U.S. 800, 817 (1976) (citing Kerotest Mfg. Co. v. C-O-Two Fire Equip. Co., 342 U.S. 180, 183 (1952)). Faced with a duplicative suit, the federal court may exercise its discretion to stay or dismiss the suit before it, allow both federal cases to proceed, or enjoin the parties from proceeding in the other suit. Smith v. SEC, 129 F.3d 356, 361 (6th Cir. 1997). "[S]imple dismissal of the second suit is [a] common disposition because plaintiffs have no right to maintain two actions on the same subject in the same court, against the same defendant at the same time." Curtis v. Citibank, N.A., 226 F.3d 133, 138-39 (2d Cir. 2000); see also Missouri v. Prudential Health Care Plan, Inc., 259 F.3d 949, 953-54 (8th Cir. 2001) (joining other courts that have held a district court may dismiss one of two identical pending actions). It is an abuse of discretion, however, to prevent a party from proceeding in a suit that is not truly duplicative. Smith, 129 F.3d at 361. Here, Twaddle I and Twaddle II were filed in the same court, arise out of the same facts, employ the same legal theories, and seek to recover for the same lost wages. The actions are not identical, however, because they were brought against different defendants. Finally, defendants argued in the district court that filing two actions arising out of the same facts amounted to "claim-splitting," which this court strongly disapproved of in Wilkins v. Jakeway, 183 F.3d 528, 532 n.4, 534-35 (6th Cir. 1999) (by bringing two different suits which presented two different theories of the case arising from the same factual situation, counsel engaged in the precise behavior that the doctrine of res judicata seeks to discourage). As plaintiffs point out, however, Wilkins does not invite dismissals based on claim-splitting. In fact, despite what was described as a "classic case" of claim-splitting, this court reversed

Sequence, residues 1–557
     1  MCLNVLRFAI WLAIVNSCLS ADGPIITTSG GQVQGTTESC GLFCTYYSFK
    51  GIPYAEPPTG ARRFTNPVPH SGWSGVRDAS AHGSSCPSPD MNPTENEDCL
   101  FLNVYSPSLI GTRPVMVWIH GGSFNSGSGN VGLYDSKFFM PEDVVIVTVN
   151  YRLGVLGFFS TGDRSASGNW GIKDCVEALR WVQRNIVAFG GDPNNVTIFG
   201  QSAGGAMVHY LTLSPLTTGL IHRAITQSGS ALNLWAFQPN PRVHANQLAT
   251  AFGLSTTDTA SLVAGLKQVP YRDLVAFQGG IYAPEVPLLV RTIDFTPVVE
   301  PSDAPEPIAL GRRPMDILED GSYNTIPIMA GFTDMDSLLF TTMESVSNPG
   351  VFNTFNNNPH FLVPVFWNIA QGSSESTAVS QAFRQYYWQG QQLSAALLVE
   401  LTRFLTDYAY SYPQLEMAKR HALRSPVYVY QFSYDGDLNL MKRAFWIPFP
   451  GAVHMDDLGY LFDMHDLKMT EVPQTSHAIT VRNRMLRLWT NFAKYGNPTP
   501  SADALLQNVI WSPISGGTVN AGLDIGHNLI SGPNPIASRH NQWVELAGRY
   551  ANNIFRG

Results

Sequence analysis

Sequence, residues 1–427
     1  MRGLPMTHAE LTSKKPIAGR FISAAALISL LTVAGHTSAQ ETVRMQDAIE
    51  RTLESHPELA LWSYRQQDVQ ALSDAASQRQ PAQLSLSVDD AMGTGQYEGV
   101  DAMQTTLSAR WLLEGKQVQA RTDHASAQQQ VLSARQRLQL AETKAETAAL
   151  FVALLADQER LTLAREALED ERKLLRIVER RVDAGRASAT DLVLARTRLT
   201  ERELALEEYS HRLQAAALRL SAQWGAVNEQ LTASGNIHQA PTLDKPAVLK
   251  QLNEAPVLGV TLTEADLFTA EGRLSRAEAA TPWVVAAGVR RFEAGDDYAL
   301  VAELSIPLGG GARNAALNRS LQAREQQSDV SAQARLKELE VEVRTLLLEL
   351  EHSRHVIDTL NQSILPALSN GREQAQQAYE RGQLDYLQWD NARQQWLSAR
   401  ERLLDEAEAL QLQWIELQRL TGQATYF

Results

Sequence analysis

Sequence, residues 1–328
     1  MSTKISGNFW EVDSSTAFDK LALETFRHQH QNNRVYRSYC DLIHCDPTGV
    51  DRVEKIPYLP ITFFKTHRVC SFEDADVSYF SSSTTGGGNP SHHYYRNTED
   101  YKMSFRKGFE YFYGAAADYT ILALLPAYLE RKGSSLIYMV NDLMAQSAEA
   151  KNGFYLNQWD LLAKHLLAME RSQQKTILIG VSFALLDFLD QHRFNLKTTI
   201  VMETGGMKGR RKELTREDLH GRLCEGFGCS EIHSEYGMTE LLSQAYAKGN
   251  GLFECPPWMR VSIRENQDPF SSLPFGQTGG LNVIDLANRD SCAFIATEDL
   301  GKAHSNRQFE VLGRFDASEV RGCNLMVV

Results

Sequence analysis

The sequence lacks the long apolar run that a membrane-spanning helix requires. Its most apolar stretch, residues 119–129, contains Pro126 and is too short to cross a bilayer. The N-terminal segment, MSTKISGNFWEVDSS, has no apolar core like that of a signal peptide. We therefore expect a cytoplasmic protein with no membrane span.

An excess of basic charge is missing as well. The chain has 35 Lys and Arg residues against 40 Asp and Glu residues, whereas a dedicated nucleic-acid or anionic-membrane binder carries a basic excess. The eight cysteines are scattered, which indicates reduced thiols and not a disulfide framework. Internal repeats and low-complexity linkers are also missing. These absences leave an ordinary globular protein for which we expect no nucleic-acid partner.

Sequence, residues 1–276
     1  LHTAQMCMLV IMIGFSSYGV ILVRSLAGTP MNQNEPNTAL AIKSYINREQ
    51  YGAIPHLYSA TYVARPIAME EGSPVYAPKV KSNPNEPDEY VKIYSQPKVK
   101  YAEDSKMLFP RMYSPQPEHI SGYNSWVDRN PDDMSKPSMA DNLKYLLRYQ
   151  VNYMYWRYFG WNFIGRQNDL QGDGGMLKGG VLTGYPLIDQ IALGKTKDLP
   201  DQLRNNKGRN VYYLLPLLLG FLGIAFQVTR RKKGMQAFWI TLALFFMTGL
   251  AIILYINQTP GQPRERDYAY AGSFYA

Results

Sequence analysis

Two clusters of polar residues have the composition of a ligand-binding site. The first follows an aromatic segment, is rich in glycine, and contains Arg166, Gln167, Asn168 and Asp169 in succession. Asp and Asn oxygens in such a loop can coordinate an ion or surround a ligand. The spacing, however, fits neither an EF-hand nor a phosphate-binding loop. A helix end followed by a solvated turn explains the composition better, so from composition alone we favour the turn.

entry of summary judgment on the grounds of res judicata (or claim preclusion) in favor of defendants. The court added an admonition that although the plaintiff had "lucked out" because the first case was not resolved by a final decision on the merits as to all of the defendants named in the second suit, "not every claimant who brings two separate suits arising from one mutual set of facts will be so fortunate." 183 F.3d at 535. This implies that plaintiffs engage in claim-splitting at the peril of having one case barred by the decision in the other. 18 James Wm. Moore, et al., M OORE'S F EDERAL P RACTICE § 133.51 (3d ed. 1997) (preclusion is the enforcement mechanism against claim-splitting); 1 A M. J UR. 2 D Actions § 103 (penalty for violating rule against claim-splitting is that adjudication reached first in one action will have preclusive effect on the second action). The filing of multiple federal actions arising out of the same facts is strongly discouraged, and plaintiffs take such a course at the peril that the adjudication of one case will have preclusive effect on the other. Here, there was no violation of a court order, no grounds for dismissal for nonjoinder, and no basis to conclude that the cases were duplicative. Accordingly, dismissal of the complaint on the merits is REVERSED and the case is REMANDED for further proceedings consistent with this opinion.